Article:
Sexualisation in music: liberation or objectification?

Art and creative expression have always made up our social and sensitive nature, from telling stories, to performing primal dances, to painting scenes of human experience on cave walls.

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Many have argued that it is the nature of music, as a form of artistic expression, to be related to human emotions and sexualities. Art and creative expression have always made up our social and sensitive nature, from telling stories, to performing primal dances, to painting scenes of human experience on cave walls. Pablo Picasso claimed that ‘sex and art are the same thing’ while Sigmund Freud’s Sublimation theory suggested that ‘true’ artists made artwork out of an excess of sexual energy.

Charles Darwin highlighted the link between music and sex, arguing in The Descent of Man, that ‘musical notes and rhythm were first acquired by the male and female progenitors of mankind for the sake of charming the opposite sex’. Along the same lines as the male peacock’s colourful feather tail, the male songbird develops a large repertoire of (technically useless but attention-catching) songs in order to best attract a mate.

Interestingly, Benjamin D. Charlton released a study in 2014 with evidence which suggested that women’s sexual preferences for composers changed during their menstrual cycle, depending on the complexity of the music; when the women were at their most fertile, they were attracted to the composers of more complex music.

Historically, music has not always been explicitly sexual, in fact most Western music in the Middle Ages was practiced by monks. However, as a natural part of being human, it can and very often is, especially in modern times, associated with sex and sexuality. Brian McNair’s essay ‘Striptease Culture’ highlights the paradox between the intimate and private nature of sex and how it has increasingly become part of the public domain, and this is largely due to mass and social medias, such as music videos.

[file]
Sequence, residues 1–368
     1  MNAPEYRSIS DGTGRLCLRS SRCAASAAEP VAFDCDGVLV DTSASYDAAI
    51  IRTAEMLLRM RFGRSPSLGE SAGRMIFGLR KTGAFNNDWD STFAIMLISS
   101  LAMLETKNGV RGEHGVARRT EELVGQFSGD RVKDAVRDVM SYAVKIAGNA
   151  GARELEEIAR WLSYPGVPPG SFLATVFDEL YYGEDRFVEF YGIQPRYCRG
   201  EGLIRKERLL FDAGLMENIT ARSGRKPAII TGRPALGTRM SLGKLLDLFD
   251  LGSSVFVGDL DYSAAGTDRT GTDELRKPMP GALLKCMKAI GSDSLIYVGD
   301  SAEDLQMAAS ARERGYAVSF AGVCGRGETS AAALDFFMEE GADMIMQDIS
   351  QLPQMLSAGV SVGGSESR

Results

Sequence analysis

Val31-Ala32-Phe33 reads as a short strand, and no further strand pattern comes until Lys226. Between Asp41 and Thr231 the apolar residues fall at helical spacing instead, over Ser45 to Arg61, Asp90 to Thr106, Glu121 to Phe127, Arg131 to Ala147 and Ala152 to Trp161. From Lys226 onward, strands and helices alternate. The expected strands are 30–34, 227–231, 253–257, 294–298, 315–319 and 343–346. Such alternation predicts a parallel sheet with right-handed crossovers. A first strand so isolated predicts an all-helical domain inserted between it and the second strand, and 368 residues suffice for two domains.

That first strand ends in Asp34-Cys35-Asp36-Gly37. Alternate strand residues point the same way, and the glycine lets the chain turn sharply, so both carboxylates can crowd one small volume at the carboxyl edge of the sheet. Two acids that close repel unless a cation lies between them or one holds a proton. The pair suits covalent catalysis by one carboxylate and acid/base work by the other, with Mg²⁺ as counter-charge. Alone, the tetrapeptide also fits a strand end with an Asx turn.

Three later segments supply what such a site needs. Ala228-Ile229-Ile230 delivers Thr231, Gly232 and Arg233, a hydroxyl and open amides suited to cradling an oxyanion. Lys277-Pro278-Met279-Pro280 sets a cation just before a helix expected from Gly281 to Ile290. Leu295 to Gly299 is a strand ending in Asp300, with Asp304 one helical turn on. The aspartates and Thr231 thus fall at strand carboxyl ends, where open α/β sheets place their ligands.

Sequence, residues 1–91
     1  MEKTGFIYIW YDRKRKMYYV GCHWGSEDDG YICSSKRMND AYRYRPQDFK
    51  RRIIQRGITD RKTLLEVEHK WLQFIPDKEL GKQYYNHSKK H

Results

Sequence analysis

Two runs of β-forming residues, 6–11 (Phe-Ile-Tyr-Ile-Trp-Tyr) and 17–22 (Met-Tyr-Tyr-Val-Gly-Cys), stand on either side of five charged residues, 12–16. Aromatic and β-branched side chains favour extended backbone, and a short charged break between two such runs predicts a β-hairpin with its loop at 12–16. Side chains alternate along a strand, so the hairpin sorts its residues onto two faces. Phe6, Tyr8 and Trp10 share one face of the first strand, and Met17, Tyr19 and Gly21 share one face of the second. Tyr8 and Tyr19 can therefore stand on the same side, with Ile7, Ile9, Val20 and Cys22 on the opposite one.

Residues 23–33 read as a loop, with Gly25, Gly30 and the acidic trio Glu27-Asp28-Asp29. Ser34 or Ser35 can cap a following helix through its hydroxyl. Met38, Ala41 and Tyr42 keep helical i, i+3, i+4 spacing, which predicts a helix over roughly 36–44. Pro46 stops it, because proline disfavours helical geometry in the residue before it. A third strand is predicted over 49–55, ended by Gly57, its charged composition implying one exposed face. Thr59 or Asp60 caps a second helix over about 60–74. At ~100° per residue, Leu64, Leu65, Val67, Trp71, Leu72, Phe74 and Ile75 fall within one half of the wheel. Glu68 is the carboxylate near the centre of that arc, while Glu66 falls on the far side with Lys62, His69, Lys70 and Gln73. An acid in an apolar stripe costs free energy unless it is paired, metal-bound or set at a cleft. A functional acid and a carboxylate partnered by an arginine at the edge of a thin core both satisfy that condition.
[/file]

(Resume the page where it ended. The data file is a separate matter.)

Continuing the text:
At the same time, music alongside other mediums such as film and visual art have huge cultural and psychological effects on society. Elizabeth Wollman illuminates that in the 1970s, adult musicals portrayed the “country’s rapidly changing, often contradictory, attitudes about gender and sexuality at a time when the sexual revolution had given way to the gay and women’s liberation movements”. Music and performance are a space where gender and sexuality have been debated. As such it is important that the music industry is constantly aware of how they present sexuality, especially since music videos are so accessible to those who are young and easily influenced.

In 2011, Jennifer Stevens Aubrey and Cynthia M. Frisby published a study analysing sexual objectification in music videos, which they defined as the process of valuing a body, or body parts, primarily for its use and consumption by others. Looking at 147 music videos, they found that female artists revealed significantly more body parts on average and played primarily decorative (rather than instrumental, or useful) roles.